Cloudflare Reports Record DDoS Attack of 15.3 million Requests Per Second

An unnamed cryptocurrency platform was recently suffered one of the largest in history, and possibly a record-breaking DDoS attack, power of which reached 15.3 million requests per second (request-per-second, RPS).

Let me remind you that we previously talked about the fact that Microsoft has recorded a record DDoS attack, with a capacity of 3.47 Tb/s, and also, for example, about such a curious case when DDoS attacks on Andorra turned out to be related to the Squid Game Minecraft tournament.

record DDoS attack

HTTPS DDoS attacks are more expensive in terms of computational resources required due to the higher cost of establishing a secure TLS encrypted connection. Therefore, it is more expensive for an attacker to launch such an attack, and for a victim to mitigate it.Cloudflare experts say.

Cloudflare’s report also states that the attack lasted less than 15 seconds and was launched by a botnet of approximately 6,000 unique bots from 112 countries. According to Cloudflare, almost 15% of the traffic came from Indonesia, and devices from Russia, Brazil, India, Colombia, and the United States also participated in the attack.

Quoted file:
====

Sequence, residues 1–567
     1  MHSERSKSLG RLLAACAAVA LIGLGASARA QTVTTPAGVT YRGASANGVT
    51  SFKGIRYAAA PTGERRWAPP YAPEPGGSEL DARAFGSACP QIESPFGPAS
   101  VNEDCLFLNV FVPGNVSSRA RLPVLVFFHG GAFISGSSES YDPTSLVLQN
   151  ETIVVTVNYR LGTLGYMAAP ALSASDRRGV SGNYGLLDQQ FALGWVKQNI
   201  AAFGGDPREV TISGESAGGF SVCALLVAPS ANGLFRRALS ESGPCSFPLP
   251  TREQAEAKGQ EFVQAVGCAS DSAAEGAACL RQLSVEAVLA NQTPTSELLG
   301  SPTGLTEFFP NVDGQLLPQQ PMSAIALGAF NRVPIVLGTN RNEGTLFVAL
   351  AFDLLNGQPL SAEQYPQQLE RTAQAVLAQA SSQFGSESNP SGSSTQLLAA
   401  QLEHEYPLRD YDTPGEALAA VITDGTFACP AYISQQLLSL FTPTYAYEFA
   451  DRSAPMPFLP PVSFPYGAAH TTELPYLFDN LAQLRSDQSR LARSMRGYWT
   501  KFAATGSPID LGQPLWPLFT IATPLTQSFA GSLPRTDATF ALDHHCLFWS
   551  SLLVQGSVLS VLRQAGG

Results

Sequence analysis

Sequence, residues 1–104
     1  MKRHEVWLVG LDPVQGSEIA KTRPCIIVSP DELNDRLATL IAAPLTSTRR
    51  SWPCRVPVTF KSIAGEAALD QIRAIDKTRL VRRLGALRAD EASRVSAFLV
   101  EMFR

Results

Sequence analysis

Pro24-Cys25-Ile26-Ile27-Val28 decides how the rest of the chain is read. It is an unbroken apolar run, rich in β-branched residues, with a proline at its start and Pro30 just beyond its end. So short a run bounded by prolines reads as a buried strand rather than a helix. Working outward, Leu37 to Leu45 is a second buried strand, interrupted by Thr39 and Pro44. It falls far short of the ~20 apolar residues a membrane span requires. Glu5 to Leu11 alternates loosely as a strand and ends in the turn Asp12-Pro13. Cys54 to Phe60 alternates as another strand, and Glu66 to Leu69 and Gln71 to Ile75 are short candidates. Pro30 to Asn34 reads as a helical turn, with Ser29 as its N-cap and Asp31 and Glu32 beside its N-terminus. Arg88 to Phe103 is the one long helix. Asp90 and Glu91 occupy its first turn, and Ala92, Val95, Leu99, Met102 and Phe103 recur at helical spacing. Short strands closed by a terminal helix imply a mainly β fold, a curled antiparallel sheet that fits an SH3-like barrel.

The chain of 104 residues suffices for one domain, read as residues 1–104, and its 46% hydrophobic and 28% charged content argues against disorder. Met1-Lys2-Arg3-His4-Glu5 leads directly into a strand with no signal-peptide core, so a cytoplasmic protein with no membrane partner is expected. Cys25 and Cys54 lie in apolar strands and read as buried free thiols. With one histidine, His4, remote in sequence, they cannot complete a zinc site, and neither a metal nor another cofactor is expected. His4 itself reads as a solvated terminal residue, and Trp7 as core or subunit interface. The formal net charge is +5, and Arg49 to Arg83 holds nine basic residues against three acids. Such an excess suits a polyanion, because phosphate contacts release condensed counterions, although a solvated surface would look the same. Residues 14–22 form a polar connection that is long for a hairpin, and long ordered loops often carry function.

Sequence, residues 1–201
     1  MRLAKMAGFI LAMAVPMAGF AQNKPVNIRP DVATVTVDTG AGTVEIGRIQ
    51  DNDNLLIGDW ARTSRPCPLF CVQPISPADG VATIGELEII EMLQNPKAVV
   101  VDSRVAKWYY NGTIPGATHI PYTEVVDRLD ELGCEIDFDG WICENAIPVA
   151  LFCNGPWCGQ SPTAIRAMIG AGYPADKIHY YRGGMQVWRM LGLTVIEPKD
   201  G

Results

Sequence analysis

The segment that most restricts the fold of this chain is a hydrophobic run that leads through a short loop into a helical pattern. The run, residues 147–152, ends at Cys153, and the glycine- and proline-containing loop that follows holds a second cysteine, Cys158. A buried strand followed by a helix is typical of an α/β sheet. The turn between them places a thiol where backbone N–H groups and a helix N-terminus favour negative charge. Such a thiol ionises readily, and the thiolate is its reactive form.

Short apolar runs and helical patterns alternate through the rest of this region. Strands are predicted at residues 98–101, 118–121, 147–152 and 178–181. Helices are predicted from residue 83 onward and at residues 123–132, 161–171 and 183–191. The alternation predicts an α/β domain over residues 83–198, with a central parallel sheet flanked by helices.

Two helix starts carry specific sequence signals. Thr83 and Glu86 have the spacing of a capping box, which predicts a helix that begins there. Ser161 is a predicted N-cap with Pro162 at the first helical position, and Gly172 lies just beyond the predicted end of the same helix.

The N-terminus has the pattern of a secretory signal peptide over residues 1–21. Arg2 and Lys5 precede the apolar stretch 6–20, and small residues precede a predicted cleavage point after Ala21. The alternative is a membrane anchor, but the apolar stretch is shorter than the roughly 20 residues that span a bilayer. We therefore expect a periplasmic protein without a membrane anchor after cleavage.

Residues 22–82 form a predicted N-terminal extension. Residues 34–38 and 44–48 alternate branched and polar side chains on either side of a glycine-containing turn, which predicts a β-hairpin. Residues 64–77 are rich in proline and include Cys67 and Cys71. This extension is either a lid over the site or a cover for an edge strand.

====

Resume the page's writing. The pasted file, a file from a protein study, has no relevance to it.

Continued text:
record DDoS attack

Interestingly, the attack mainly came from data centers. We are seeing a massive shift from home networking internet service providers to cloud computing service providers. In these countries, the attack originated from more than 1,300 different networks, including the German provider Hetzner Online GmbH (ANS 24940), Azteca Comunicaciones Colombia (ASN 262186), OVH in France (ASN 16276) and so on.experts say.

Such attacks are commonly referred as “volumetric” attacks and differ from classic DDoS attacks as in this case, the attackers focus on sending as many unwanted HTTP requests as possible to the victim’s server in order to load its CPU and RAM, interfering with users use target sites.

The researchers note that while this was not the largest application layer attack they have seen, it is the largest HTTPS attack they have observed.
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Daniel Zimmermann

Daniel Zimmermann has been writing on security and malware subjects for many years and has been working in the security industry for over 10 years. Daniel was educated at the Saarland University in Saarbrücken, Germany and currently lives in New York.

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